The purchase and financing of an average-priced new vehicle took 23.2 weeks of median family income in the first quarter of 2012. Consumers on average spent $300 more, an increase of 1.2 percent, on new cars in the 2012 first quarter compared with the fourth quarter of 2011.
Robert Dye, chief economist of Comerica Bank in Dallas, explained that auto affordability was down slightly in the first quarter, but remains very high by historical standards, contributing to the upward trend in auto sales visible from mid-2011 through early 2012.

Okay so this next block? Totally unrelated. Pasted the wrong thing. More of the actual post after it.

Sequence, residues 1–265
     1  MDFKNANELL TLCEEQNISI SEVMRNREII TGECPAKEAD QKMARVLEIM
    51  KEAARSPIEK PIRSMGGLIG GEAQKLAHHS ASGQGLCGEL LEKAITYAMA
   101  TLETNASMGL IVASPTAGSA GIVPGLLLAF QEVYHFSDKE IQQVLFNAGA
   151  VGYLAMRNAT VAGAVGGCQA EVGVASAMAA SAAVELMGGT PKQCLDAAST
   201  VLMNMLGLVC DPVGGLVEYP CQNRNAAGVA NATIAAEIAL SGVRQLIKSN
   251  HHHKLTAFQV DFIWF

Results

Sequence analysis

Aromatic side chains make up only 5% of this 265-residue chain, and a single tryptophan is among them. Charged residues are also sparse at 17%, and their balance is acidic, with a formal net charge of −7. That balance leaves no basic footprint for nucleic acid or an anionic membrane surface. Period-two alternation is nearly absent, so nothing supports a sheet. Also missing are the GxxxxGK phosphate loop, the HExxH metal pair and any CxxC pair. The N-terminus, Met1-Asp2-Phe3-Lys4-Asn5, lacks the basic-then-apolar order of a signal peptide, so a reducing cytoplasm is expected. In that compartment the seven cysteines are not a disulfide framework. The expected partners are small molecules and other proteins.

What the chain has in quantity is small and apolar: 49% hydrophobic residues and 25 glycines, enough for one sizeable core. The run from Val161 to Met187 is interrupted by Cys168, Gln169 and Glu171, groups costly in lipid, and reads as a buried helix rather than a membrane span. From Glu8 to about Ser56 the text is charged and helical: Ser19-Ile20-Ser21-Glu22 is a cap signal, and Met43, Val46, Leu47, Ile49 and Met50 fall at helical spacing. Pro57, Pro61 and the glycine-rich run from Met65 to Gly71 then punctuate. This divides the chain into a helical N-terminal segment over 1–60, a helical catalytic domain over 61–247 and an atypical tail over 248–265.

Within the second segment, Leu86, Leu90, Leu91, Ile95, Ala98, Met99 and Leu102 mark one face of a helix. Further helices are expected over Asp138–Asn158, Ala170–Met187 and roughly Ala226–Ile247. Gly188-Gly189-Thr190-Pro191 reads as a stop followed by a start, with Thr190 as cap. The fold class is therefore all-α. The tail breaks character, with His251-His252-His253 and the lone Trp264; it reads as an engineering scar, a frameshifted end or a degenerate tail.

“Job creation has supported slow-to-moderate income growth, while car prices have increased moderately and interest rates have remained low. Households have paid down debt, and that has created space in household budgets, allowing many families to take advantage of the current high affordability of new cars. Easing gasoline prices through the current second quarter will also help auto sales,” Dye said. “These favorable trends are helping consumers to feel more confident about unleashing their pent-up demand for automobiles.”